In the last few years, the Colbran family has gone from selling their coffee to exporters—where it would be blended with other coffees and sent to buyers as unrecognized generic Papua New Guinea coffee—to having the most recognized farm in entire country for quality.
This recognition is for good reason. The family’s focus on traceability, lot selection, and refinement of processing can’t be understated. This year alone they changed the way the coffee is dried, milled, and exported. They did so even when this year ended up being one of the most challenging years for coffee production at Baroida. What was thought to be a very good harvest ended up yielding a fraction of the coffee that was expected. Knowing that and going into our fourth year working with Colbran family, we couldn’t be more grateful to be working with them and impressed by the coffees and their dedication to always outputting the best.
Explanation of the Name
The name Baroida comes from an old traditional spirit that was believed to reside in a particular large rock that lies in the middle of the river that runs through the lands of the plantation. The reason it was believed to be a spirit is that even the largest river floods could not move this one rock—even when all other stones and rocks were washed away.
Aiyura, Eastern Highlands, Papua New Guinea
Baroida sits just outside the town Kainantu in the Eastern Highlands of Papua New Guinea, and the villages associated with our Tairora coffee surround the estate. This part of the Eastern Highlands is mostly rolling grasslands, but it has remarkable climate and great conditions for growing coffee and, really, anything. Before coffee was planted in this area, the Tairora Tribe mostly cultivated sweet potatoes and other subsistence crops up until the 1950s and '60s.
Baroida itself was one of the first coffee farms in the area, and much of the coffee planted by the small producers of the Tairora project actually originally came from seeds obtained at the Baroida Estate. Baroida today is one of the few estates in all of Papua New Guinea.
Papua New Guinea, in general, is a late-comer to the production of coffee, really only starting in the 1920s and not taking off until the 1950s. Today, Papua New Guinea is renowned for how remote and culturally diverse it is. This remoteness kept outside visitors from venturing into the Papua New Guinea highlands until the early 1900s. This remoteness also led to another popular fact about Papua New Guinea which is that the hundreds of individual tribes in the country speak more than 800 documented languages among all of them. It is often stated that certain tribes did not know of other tribes living as close as a few kilometers away because of rugged terrain and the remoteness of the highlands.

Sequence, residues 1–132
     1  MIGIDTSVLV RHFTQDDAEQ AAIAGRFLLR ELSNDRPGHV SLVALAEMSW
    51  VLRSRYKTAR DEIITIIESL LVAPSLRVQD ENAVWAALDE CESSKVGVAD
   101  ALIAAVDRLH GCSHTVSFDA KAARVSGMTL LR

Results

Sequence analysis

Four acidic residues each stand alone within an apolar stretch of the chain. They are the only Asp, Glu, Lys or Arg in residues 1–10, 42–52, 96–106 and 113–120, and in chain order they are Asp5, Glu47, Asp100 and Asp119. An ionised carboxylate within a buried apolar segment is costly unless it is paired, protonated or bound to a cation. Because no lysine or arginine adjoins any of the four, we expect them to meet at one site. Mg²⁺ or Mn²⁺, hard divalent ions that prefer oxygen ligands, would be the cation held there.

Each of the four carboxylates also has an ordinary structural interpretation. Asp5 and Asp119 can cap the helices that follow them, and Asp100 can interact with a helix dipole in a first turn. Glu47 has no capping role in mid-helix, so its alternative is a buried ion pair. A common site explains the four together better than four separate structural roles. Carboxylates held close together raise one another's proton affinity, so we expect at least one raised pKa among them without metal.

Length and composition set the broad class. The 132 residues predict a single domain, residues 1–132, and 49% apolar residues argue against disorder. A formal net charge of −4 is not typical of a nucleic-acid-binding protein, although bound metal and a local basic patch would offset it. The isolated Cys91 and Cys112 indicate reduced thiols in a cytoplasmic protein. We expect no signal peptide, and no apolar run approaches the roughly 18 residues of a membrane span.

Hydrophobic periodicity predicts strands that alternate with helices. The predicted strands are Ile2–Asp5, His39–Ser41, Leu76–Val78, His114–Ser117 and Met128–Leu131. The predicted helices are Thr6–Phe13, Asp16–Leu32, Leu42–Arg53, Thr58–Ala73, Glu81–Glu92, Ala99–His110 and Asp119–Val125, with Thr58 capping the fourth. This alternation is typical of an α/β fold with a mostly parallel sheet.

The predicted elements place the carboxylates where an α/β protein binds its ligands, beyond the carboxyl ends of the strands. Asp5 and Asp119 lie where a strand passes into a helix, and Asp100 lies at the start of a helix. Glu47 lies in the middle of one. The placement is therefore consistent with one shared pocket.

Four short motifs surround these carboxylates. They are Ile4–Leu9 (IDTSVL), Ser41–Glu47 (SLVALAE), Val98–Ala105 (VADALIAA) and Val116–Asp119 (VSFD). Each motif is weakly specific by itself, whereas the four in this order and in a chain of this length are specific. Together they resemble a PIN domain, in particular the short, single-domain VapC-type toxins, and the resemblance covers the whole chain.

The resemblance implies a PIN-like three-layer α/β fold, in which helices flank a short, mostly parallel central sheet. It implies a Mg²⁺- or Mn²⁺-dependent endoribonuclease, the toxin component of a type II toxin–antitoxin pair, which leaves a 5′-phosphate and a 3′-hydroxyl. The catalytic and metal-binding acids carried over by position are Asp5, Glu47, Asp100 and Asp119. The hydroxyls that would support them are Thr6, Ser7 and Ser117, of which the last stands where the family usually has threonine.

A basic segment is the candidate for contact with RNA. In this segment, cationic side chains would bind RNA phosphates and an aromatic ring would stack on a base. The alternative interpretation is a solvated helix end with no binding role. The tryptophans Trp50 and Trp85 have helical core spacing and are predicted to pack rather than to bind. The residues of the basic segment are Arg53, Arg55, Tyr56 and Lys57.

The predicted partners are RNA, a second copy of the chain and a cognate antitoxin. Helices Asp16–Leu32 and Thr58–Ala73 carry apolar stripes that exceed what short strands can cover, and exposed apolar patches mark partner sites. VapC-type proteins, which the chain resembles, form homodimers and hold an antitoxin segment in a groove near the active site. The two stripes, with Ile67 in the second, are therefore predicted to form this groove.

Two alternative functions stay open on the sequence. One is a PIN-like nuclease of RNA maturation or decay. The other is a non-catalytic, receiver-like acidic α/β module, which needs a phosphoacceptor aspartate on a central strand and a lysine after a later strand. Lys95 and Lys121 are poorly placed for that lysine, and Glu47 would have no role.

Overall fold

Baroida was founded by Ben Colbran and wife Norma in the early 1960s. At the time, the surrounding land was mostly grassland, so, for the first two years, Ben primarily cultivated vegetables that he sold in the coastal town of Lae.
In 1965, Ben followed the the government’s encouragement to plant coffee, which then thrived in this micro-climate. Ben owned Baroida until 1979, when he sold the land to a trust, but Ben’s son Nichol stayed to manage. Nichol managed the operation until 1991, when he left to work on other projects. In 1997, Nichol bought the land back, but, in the six years he was gone, the farm had been mismanaged and had fallen into disrepair. Fortunately, the Colbran family immediately started to turn things around, all the while helping to create positive livelihoods for a lot of the local producers around the farm. In the last 10 years, Nichol's son Chris, along with his wife Melody and his brother Rhett, have also become integral to the operation. In addition to the Colbrans, now in their third generation on the farm, there are more than two dozen key employees with years of experience who make the coffee possible
Varieties: Typica, Bourbon, Arusha
Elevation: 1,600–1,865 meters
Post-Harvest Process: Washed
Harvest Time: May 2014